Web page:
After reading all the posts here about how great the Tikkas are, I checked them out. Not sure what's so exciting.

I did buy a rifle recently. Not a Tikka. Not a 700.

Horsemany
January 7, 2010, 04:00 PM
Yup, the mags are pricey- $69.95 RETAIL[ I just checked, the Browning Abolt mag is $69.95, and the Xbolt mag is $49.95], but they work really well. One comes with the gun, buy an extra one and your done. They are readily available on the net.

Not sure where you got the prices on the Browning magazines but they're typically half the cost of the T3. The 2 gunshops I frequent are $30 and $35 for new X-Bolt magazines. A google search for xbolt magazine brings up a whole bunch available for $30.

I don't have any problem with the polymer parts of the T3. It's a great package. Lightweight, great shooting Sako barrels, very smooth precise action, and one of the best factory triggers available. Sako actually switched to the this trigger after they started producing the Tikka design. Great guns. I prefer my T3 to my Sako 85. Lighter, shoots better, smoother, and more precise feeling action.

atblis
January 7, 2010, 04:05 PM
You should be able to get into a Savage Varmint model for around that much.

All4eyes
January 7, 2010, 04:54 PM
I love my Tikka T3, if you want wood buy the Hunter. Look at the weight of the T3, and change some of that plastic to metal, and you add back the weight they shed by using the plastic. I bought it because it is accurate, and light, which means nice handling hunting rig. I have Remingtons and Rugars that sit at home, because all that metal gets heavy during a hunt.

ArmedBear
January 7, 2010, 05:00 PM
I have Remingtons and Rugars that sit at home, because all that metal gets heavy during a hunt.

Funny, but it doesn't get so heavy on a Winchester.

TexasEd
January 7, 2010, 05:06 PM
Armed Bear....What did you buy?...you left us hanging brother! As far as the Tikka goes I have an older 595 Whitetail hunter and it's great. I think there solid rifle at a reasonable price point. It's not for everyone. If you want one go for it.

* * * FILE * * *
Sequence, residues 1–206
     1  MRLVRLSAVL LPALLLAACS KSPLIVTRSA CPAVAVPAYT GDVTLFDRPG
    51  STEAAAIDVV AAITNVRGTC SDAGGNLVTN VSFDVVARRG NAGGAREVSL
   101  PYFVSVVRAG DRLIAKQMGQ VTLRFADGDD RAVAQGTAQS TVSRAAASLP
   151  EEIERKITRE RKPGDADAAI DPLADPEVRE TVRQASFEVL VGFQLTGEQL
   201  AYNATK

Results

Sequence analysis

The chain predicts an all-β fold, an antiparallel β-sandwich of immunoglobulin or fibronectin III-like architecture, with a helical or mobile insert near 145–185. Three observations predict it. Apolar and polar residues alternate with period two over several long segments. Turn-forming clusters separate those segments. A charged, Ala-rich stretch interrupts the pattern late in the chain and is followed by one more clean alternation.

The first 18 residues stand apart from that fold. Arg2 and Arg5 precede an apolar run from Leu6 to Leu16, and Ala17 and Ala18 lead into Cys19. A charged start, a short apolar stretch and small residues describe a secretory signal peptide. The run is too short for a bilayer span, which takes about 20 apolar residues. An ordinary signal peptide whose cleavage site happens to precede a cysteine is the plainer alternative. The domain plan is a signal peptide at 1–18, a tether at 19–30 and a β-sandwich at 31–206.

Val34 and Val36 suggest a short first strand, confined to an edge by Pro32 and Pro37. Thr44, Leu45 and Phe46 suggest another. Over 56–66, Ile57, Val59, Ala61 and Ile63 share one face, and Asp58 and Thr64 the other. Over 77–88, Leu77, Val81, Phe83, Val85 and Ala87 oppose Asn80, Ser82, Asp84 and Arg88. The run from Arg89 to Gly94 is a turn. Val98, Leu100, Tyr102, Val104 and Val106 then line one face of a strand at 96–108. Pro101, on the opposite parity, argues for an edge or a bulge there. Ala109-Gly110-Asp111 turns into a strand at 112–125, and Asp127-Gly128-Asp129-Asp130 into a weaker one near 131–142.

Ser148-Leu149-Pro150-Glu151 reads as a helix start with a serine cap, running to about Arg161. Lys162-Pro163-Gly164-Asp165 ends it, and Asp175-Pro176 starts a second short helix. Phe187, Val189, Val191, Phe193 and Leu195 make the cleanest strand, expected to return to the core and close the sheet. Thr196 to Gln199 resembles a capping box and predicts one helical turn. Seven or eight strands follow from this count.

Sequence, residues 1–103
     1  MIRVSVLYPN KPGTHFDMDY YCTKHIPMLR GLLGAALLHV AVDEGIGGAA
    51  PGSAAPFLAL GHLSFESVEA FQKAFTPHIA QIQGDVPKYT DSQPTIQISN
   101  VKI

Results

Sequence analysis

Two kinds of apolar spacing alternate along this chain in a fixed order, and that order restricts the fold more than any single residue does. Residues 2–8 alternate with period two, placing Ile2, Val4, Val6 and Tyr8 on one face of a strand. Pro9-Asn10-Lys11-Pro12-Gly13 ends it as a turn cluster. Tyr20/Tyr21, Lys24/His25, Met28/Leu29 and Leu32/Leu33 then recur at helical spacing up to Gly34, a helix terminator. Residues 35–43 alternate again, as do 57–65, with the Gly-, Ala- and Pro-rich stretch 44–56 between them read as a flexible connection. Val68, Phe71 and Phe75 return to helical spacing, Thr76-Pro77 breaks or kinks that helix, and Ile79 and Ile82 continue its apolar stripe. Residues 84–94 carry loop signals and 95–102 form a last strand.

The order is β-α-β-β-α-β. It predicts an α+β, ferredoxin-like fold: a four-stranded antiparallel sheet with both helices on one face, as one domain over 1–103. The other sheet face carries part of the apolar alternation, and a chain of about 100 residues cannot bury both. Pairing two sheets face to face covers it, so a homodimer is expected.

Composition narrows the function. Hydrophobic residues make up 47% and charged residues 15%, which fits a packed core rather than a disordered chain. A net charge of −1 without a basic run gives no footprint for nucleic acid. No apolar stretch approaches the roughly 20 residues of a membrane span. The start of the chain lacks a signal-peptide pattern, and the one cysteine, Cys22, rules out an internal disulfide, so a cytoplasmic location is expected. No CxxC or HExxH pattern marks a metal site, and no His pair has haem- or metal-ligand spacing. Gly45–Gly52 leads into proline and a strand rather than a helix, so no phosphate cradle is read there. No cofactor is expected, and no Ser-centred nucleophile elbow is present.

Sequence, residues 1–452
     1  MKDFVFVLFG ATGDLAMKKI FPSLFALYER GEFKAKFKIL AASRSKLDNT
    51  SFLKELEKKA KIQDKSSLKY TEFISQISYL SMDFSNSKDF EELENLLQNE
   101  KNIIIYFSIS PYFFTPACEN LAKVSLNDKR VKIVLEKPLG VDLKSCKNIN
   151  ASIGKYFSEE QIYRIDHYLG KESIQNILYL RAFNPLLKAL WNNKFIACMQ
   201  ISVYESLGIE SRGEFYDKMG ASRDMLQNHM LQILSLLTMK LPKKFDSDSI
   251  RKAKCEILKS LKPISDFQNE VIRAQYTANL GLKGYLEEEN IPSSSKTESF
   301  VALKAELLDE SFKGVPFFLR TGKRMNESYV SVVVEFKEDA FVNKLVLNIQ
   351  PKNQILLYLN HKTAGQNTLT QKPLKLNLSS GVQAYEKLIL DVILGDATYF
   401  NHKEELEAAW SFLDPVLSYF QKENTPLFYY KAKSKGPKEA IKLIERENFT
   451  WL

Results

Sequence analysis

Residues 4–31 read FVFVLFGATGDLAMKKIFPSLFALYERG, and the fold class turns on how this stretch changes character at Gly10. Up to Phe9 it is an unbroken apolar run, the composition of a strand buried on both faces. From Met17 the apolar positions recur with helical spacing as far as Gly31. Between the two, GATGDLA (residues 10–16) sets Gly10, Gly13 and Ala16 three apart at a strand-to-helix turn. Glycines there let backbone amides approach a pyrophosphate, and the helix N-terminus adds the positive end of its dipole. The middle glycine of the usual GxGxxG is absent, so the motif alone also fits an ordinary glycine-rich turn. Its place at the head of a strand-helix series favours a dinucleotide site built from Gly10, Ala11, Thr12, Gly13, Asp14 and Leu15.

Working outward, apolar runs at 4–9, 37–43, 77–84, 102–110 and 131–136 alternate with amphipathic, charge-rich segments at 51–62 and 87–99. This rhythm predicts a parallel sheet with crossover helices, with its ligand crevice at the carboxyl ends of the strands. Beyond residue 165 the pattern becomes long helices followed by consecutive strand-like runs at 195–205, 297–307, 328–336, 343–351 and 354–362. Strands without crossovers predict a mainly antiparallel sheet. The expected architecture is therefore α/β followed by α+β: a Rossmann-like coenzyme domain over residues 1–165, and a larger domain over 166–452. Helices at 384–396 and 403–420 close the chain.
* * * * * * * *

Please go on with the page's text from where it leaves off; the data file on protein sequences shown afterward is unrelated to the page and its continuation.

ArmedBear
January 7, 2010, 05:11 PM
What did you buy?...you left us hanging brother!

I put up a whole range report post about it. Not my fault if you don't look!:D

(I think it got bumped down because everyone posted a lot after Christmas.)

Here it is: http://thehighroad.org/showthread.php?t=496173&highlight=Model+70

BTW the 22" .30-06 with a scope mounted on it, and a regular sporter contour barrel, comes in at 7.5 lbs. total. Ruger and Remington may make heavier-than-necessary rifles, but Tikka isn't the only company that doesn't. And you don't have to buy plastic.

Horsemany
January 7, 2010, 05:45 PM
I used to think like you about plastic parts Armed Bear. I've been collecting pre 64's for years and can appreciate the quality of the past. But I've gotta tell you when it's go time the Tikka comes out before the older guns. It's so simple, lightweight, shoots great, and the trigger is as crisp as my $225 Jewell on my competition gun.

Uncle Mike
January 7, 2010, 06:26 PM
-has great machining/tolerances/parts fit

I don't understand why people say they're cheap. They may feel cheap just because they're so light, but take a close look.

Seriously....have you ever worked on one of these things, have you taken a barrel off....
If you like them...great! But they are a cheap, inexpressibly built rifle!
Doesn't mean they are bad, we are just talking here!

They money you spend on a T3 goes into quality machining that you won't find in another gun at that price

Exactly, where would this quality machining be?

^What part of the action on a T3 is plastic?
The only part of the actual action that's plastic is the rear bolt cover but you're doing something seriously wrong if you ever broke that.

Not many...shroud, trigger guard, trigger bushings(older models).
Not that the plastic is bad or anything, just that some people prefer metal to plastic.